Invasion of Privacy by FBI and The Obama administration

Lets see how loud the liberal media and the Democrats will be in condemning this Obama backed invasion of American citizen’s privacy. Recall the Liberal Democrats condemning the George Bush counterintelligence bill to monitor phone calls from overseas right after the 9/11 attack?  This new FBI invasion of privacy will be used to monitor American citizens.  Watch out Americans as this is just the beginning step in the big government of Obama’s controlling our lives and the internet.  Also will news groups such as Fox News have to open their emails by employees to the FBI?

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Invasion of privacy in the Internet age. Expanding the reach of law enforcement to snoop on e-mail traffic or on Web surfing. Those are among the criticisms being aimed at the FBI as it tries to update a key surveillance law.

With its proposed amendment, is the Obama administration merely clarifying a statute or expanding it? Only time and a suddenly on guard Congress will tell.

Federal law requires communications providers to produce records in counterintelligence investigations to the FBI, which doesn’t need a judge’s approval and court order to get them.

They can be obtained merely with the signature of a special agent in charge of any FBI field office and there is no need even for a suspicion of wrongdoing, merely that the records would be relevant in a counterintelligence or counterterrorism investigation. The person whose records the government wants doesn’t even need to be a suspect. Read more at SOURCE

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Bush Authorized Domestic Spying

President Bush signed a secret order in 2002 authorizing the National Security Agency to eavesdrop on U.S. citizens and foreign nationals in the United States, despite previous legal prohibitions against such domestic spying, sources with knowledge of the program said last night.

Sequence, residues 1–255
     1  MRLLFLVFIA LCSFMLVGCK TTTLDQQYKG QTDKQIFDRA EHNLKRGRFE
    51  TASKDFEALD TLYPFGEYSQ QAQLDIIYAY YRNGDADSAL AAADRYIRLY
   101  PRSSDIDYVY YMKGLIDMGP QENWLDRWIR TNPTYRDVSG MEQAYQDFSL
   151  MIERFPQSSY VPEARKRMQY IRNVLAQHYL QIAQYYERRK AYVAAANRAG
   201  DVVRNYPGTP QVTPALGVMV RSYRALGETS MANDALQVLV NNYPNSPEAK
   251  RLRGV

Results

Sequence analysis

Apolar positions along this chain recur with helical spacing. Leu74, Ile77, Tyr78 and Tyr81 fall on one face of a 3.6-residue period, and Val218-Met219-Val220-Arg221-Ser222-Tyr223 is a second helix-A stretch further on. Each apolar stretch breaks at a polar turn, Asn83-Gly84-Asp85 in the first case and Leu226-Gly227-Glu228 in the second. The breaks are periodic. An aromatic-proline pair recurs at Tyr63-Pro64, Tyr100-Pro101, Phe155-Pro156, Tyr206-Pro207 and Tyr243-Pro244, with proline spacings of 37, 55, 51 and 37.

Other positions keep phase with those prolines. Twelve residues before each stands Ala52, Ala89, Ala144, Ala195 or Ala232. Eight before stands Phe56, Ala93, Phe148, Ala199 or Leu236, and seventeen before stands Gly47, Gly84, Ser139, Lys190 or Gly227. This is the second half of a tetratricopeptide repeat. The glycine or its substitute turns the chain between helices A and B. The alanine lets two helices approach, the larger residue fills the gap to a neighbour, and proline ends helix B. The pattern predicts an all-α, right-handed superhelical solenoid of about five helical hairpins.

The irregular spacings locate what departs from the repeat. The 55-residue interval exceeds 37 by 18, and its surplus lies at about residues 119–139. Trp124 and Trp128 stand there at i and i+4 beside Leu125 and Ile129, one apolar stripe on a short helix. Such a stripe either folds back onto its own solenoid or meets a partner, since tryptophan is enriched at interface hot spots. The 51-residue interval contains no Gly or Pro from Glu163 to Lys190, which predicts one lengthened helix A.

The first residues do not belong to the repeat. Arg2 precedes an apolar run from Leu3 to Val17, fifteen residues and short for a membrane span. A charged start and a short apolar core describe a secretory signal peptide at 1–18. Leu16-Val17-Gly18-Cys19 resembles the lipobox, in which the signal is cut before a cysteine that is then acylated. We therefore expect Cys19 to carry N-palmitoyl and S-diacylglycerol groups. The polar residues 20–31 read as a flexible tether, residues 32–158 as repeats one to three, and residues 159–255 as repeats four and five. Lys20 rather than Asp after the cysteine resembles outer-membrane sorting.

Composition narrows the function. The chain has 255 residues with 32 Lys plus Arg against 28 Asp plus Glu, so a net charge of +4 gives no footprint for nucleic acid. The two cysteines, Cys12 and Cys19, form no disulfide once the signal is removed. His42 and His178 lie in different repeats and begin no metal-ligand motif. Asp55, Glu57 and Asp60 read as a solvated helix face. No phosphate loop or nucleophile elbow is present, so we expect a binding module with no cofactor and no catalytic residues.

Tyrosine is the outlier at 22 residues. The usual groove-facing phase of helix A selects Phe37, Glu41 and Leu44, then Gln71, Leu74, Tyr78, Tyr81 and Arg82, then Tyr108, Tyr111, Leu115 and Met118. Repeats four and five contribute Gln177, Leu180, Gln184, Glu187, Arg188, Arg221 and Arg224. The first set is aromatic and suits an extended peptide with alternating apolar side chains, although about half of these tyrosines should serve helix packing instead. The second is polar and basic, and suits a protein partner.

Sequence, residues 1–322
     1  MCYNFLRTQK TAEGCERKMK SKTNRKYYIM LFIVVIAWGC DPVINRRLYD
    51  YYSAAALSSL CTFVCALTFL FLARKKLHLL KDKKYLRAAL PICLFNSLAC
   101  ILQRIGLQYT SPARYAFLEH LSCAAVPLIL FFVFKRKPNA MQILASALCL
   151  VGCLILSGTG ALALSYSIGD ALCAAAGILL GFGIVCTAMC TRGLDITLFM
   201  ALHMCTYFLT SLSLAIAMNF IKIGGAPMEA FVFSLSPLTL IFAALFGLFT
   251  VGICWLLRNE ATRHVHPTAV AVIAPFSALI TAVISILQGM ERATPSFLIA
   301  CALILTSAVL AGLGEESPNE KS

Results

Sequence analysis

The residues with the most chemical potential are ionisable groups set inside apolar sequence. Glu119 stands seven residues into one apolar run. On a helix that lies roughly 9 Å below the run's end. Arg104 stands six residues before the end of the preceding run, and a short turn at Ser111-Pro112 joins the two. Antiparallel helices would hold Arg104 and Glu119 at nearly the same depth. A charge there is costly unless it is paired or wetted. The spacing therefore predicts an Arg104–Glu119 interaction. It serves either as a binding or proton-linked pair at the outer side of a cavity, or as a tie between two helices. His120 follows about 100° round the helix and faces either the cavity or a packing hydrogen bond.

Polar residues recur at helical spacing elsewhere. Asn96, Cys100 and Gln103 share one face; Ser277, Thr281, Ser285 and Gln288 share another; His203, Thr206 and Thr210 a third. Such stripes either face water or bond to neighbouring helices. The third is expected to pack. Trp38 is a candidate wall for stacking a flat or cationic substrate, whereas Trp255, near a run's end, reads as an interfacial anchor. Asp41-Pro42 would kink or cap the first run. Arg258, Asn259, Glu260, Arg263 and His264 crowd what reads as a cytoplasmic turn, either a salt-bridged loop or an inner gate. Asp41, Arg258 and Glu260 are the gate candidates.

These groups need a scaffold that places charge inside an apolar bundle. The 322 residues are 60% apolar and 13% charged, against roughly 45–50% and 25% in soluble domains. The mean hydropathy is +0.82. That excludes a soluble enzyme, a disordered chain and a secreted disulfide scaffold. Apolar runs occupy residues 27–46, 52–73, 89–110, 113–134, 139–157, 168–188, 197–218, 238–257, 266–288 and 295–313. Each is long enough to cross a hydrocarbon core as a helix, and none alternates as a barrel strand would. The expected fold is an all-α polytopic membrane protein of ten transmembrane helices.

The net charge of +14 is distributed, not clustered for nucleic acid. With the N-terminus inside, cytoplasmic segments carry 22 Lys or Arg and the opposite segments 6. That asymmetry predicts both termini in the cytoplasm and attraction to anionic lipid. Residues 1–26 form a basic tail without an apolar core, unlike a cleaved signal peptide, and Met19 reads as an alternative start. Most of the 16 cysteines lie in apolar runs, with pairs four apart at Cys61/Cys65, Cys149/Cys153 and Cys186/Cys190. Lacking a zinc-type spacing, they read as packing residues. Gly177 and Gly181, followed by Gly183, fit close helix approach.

But the program’s ramifications also prompted concerns from some quarters, including Sen. John D. Rockefeller IV (W.Va.), the ranking Democrat on the intelligence committee, and the presiding judge of the surveillance court, which oversees lawful domestic spying, according to the Times.

Kate Martin, director of the Center for National Security Studies, said the secret order may amount to the president authorizing criminal activity. “This is as shocking a revelation as we have ever seen from the Bush administration,” said Martin, who has been sharply critical of the administration’s surveillance and detention policies.

Caroline Fredrickson, director of the Washington legislative office of the American Civil Liberties Union, said she is “dismayed” by the report.

“It’s clear that the administration has been very willing to sacrifice civil liberties in its effort to exercise its authority on terrorism, to the extent that it authorizes criminal activity,” Fredrickson said. SOURCE

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